The old battery in my car would not hold a charge, so I replaced it with a new one. After installing the new battery, the truck will crank, but the engine will not start. I held a plug wire next to ground to test for spark, but there was nothing. I also used the same technique to test the coil wire - nothing. Next, I tested for voltage across the input wires to the coil. When the ignition engaged, there were only 4 volts. Next, at the ignition fuse, in the fuse panel, I tested for voltage and saw 12 volts. I know that from the starter solenoid is the only other direction that the voltage comes from. When I tested there, it was 12 volts going into the solenoid, however only 4 were coming back to the coil. My truck’s starter is a new one that I installed several months ago. Next to the distributor is a small capacitor-looking part in the same bracket with the coil. I don't know if this is a resistor or a capacitor. There is only one connection that goes to the coil’s back side connection. I have been researching for wiring diagrams but so far haven't found any. Could you please give me whatever help you can for these problems?
Hello there, thanks for writing in. The wiring diagram for the ignition system of your vehicle is pretty simple. Power flows from the ignition switch to the coil. When the engine is cranked, the points open and close to create voltage in the coil secondary windings. This creates the high voltage needed to fire the spark plugs, which is sent to the distributor.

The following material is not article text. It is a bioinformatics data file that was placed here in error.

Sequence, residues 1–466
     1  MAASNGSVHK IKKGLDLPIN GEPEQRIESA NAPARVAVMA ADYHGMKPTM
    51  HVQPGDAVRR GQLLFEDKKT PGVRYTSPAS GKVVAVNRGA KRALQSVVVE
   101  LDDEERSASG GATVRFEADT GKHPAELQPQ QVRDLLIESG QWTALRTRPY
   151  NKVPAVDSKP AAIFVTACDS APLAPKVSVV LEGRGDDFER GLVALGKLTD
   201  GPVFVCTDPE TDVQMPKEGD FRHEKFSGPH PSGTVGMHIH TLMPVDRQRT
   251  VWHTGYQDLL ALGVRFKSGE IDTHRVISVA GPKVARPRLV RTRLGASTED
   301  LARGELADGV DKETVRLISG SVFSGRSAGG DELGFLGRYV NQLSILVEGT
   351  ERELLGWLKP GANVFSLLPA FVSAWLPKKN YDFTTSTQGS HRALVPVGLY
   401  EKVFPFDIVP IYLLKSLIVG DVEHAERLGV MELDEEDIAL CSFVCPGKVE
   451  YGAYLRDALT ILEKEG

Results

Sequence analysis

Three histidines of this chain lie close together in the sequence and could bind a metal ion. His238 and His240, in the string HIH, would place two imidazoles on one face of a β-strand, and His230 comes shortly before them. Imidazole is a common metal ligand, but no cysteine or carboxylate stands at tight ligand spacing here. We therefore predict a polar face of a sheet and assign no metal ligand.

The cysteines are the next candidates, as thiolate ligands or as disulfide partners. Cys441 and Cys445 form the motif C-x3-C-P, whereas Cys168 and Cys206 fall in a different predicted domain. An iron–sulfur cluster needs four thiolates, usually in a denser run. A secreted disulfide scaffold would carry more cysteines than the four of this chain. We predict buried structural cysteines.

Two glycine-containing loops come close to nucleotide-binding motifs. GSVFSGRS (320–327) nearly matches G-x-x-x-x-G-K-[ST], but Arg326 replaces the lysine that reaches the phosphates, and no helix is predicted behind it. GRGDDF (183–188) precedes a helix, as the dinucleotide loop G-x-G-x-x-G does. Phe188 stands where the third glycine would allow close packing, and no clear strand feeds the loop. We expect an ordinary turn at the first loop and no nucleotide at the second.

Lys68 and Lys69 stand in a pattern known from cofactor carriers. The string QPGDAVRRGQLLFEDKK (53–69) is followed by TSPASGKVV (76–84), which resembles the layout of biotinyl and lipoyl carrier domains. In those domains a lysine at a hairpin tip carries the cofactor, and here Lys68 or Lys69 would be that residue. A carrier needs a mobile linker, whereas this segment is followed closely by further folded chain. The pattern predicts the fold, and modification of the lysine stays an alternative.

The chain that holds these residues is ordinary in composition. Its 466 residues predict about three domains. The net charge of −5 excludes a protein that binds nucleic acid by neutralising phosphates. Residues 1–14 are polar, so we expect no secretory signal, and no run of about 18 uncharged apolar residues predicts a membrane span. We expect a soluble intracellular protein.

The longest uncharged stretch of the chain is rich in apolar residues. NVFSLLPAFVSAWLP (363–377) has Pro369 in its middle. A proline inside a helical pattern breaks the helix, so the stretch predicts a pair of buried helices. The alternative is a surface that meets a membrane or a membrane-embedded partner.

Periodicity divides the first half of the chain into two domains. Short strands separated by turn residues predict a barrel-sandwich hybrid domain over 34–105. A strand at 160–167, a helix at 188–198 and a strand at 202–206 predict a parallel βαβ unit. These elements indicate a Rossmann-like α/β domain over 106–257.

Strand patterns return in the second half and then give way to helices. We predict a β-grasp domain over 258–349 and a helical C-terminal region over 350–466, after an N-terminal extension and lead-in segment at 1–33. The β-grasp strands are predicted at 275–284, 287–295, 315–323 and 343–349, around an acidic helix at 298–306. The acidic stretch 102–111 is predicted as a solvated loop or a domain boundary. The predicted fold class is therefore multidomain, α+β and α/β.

If there is no spark, suspect a faulty coil, coil wire, cap rotor, points or distributor. The wiring between the ignition switch and coil could also be bad. A faulty starter will not prevent the engine from getting spark.
It sounds like you’ve already spent a lot of time on this issue; if you’d like further assistance, consider having one of our certified automotive technicians come to your home or office to diagnose and repair your vehicle properly.
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